lecture - cha 3-student

lecture - cha 3-student - CHAPTER 3 Independent Assortment...

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CHAPTER 3 Independent Assortment of Genes Copyright 2008 © W H Freeman and Company
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1. What progeny ratios are produced by dihybrids, trihybrids, and so forth, if the genes are on different chromosome pairs? 2. How does chromosome behavior at meiosis explain these ratios? 3. Can Mendelian inheritance explain continuous variation? 4. What are the inheritance patterns of organelle genes? Key Questions
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The development of superior crop genotypes through cross breeding – The principle of independent assortment of genes at work. Combining desired (mutant) alleles (recessive or dominant) into one pure line requires intercrossing between mutant lines. Such practice depends on whether the genes are on the same or different chromosome, and the inheritance pattern --
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3.1 Mendel’s law of independent assortment General symbolism to represent genotypes that include two genes: If two genes are on different chromosomes we use semicolon to separate the gene pair : A/a ; B/b If two genes are on the same chromosome, there is no punctuation between two genes we use : AB/ab or Ab/aB If it is not known whether the genes are on the same chromosome or on different chromosomes, we use a dot to separate the genes: A/a . B/b. i.e. a dihybrid crosses (A/a . B/b x A/a . B/b)
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3.1 Mendel’s law of independent assortment Mendel’s Second Law: Gene pairs on different chromosome pairs assort independently at meiosis.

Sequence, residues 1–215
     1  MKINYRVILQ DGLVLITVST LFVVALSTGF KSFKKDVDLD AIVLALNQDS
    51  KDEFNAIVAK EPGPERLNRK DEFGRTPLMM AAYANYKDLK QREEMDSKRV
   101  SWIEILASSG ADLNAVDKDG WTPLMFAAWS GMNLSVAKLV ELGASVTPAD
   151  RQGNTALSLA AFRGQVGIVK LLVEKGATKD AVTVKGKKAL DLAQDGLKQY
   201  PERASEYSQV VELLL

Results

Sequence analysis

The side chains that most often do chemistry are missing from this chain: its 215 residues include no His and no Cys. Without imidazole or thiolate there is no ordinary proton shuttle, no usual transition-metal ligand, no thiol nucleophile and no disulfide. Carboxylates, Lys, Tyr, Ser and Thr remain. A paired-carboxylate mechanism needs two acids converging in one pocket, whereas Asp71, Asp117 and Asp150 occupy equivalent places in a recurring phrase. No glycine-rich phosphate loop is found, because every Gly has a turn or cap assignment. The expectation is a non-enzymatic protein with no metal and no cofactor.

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3.1 Mendel’s law of independent assortment Mendel’s Second Law: Gene pairs on different chromosome pairs assort independently at meiosis. The predicted genotypic and phenotypic constitution of the F 2 generation from a dihybrid cross.
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3.2 Working with independent assortment Predicting progeny ratios: Product rule: the probability of independent events both occurring together is the product of their individual probabilities. Sum rule : the probability of either of two mutually exclusive events occurring is the sum of their individual probabilities.
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3.2 Working with independent assortment What is the probability of obtaining the a/a;b/b;c/c;d/d;e/e combination from a cross of A/a;b/b;C/c;D/d;E/e X A/a;B/b;C/c;d/d;E/e ? Take each gene pair individually and multiply the independent probabilities.
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This note was uploaded on 11/06/2011 for the course BIL 250 taught by Professor Wang during the Fall '08 term at University of Miami.

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lecture - cha 3-student - CHAPTER 3 Independent Assortment...

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